critic: Liam YOUNG.
suckerPUNCH: Describe your project.
Daniele Profeta: Contemporary remote sensing technologies are altering our understanding as well as our relationship with the Landscape. . . .
Constructing the Landscape
Contemporary remote sensing technologies are altering our understanding as well as our relationship with the Landscape. A digital record of the surveyed physical surface of the earth is producing a new set of images that shape our perception of the territory, creating truths that establish politics, protocols and economies across the globe. These images, and the meta-data that they contain, become the contemporary site of investigation, in which we can both retroactively analyze change on the surface of the earth and simulate projective forensic futures for specific sites.
This project collapses heterogeneous forms of data to produce speculative simulations of possible forensic futures. These become an advocacy tool to describe the system of violence exerted through the landscape by an infrastructure plan (the Pan-American project), and they suggest a reading of the patterns of displacement – of people and nature – as a continuation of colonial strategies to maintain a system of power over territory, resources, and ultimately people.
The structure of Remote Sensing Technologies
In Guatemala, Satellite imagery and LIDAR scanning are the main technologies that shape this landscape, constructing it from two radically different scales of resolution. By understanding the structure of the thick layer of information embedded in each of these surveying technologies, it is possible to define their biases as a legacy of the way in which they record space. On one hand satellite images cyclically capture multi-layered images of the earth with a threshold of approximately 0.8mt per pixel, reducing the presence of the human body to a single dot; on the other hand, LIDAR surveys record a surface-like space down to its material texture, capturing fractions of a millimeter worth of detail. It is in the gap between these two scales of resolution that we begin to construct our perception of the thick fabric of relations unfolding on the territory. Overcoming the static nature of these artifacts will allow us to assemble chains of actions between material things, large environments, individuals and collective actions.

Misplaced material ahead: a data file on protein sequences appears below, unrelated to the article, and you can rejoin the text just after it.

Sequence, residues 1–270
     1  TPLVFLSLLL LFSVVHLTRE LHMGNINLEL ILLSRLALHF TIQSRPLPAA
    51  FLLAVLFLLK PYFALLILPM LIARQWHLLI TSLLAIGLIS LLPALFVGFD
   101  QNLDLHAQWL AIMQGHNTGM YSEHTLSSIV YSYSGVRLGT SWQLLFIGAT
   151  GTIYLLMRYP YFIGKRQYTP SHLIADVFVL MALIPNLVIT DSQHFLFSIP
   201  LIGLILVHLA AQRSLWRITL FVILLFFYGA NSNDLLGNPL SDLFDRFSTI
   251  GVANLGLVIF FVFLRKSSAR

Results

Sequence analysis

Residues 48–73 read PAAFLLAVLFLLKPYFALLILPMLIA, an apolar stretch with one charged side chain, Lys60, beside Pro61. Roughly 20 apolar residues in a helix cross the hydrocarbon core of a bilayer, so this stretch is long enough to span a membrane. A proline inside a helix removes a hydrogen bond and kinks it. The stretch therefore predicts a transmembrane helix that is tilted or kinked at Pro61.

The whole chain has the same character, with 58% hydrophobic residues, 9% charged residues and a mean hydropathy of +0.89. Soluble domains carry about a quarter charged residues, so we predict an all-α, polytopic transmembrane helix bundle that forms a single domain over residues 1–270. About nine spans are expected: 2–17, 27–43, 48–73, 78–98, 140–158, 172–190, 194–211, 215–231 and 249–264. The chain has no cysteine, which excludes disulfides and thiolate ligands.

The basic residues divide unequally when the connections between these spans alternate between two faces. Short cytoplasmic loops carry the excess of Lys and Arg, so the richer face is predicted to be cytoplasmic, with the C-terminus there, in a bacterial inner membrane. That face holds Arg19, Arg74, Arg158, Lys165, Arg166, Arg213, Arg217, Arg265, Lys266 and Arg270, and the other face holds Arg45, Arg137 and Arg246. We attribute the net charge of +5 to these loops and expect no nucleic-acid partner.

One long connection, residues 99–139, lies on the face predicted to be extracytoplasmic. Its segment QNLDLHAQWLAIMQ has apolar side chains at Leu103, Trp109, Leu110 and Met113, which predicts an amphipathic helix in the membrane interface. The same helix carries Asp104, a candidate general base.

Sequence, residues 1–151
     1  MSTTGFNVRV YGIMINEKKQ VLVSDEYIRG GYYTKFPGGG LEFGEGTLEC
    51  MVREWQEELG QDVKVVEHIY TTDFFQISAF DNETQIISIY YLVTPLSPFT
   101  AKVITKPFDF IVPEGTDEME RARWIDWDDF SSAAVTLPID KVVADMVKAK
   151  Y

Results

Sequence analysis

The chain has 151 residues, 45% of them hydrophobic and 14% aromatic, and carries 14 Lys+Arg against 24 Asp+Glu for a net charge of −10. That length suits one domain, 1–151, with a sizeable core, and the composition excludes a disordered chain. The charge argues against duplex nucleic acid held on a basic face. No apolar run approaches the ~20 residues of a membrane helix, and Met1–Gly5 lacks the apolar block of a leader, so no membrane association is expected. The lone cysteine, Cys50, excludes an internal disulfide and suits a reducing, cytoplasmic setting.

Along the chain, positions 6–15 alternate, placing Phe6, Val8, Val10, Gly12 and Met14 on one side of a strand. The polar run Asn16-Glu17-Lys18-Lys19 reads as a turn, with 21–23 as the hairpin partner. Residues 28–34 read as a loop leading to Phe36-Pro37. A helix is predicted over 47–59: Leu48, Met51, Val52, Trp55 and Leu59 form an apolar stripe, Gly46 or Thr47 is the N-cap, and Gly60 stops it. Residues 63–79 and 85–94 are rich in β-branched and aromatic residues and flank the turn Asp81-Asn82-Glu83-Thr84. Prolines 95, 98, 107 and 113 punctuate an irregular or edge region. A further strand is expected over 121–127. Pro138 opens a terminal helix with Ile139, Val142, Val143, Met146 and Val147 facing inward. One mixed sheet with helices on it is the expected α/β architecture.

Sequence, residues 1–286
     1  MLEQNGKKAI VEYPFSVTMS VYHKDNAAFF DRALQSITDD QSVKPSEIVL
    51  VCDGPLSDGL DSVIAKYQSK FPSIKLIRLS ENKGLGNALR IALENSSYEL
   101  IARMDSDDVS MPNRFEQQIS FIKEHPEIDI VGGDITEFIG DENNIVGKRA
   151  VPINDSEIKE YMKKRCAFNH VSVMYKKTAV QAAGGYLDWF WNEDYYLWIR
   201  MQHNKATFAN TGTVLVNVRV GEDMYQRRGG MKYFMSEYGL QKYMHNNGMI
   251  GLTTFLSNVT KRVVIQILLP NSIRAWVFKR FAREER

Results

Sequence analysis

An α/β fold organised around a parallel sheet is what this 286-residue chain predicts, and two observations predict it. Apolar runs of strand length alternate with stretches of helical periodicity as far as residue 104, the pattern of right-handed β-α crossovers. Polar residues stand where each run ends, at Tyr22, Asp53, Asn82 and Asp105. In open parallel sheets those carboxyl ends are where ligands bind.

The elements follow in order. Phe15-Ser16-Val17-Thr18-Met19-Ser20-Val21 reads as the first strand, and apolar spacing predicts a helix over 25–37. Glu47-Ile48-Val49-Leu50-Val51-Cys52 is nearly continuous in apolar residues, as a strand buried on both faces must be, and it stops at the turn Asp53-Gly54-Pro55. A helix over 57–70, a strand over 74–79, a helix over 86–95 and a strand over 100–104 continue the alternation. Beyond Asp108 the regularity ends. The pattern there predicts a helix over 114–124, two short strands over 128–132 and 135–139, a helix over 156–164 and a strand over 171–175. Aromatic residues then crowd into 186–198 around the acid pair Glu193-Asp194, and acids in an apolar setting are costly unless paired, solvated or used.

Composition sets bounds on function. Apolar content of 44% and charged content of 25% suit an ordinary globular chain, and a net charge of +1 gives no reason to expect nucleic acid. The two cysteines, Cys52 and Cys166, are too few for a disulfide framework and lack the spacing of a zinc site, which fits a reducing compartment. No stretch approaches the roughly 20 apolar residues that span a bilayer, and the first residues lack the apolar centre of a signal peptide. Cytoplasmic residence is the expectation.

Violence exerted through the Landscape
Ultimately the project highlights the potential of animated drawings to exploit data simulations as well as the meta-data embedded within surveying technologies to model and narrate projective futures. They become a parallel advocacy tool to the vinyl maps and boards used by local communities, as evidence of environmental violence, to expand their borders of resistance. The site of the Chixoy Dam, built between 1976 and 1983, in the midst of the Guatemalan civil war, is analyzed as a retrospective study to project the available data towards a future simulation of the Xalala Dam site, whose imminent construction is endangering the life of communities living along the river Rio Negro.
Additional credits and links:
Special thanks to: Liam Young; Jamon Van Den Hoek; William Trossel and SCANLAB; Resistencia de los Pueblos; and Alexey Marfin.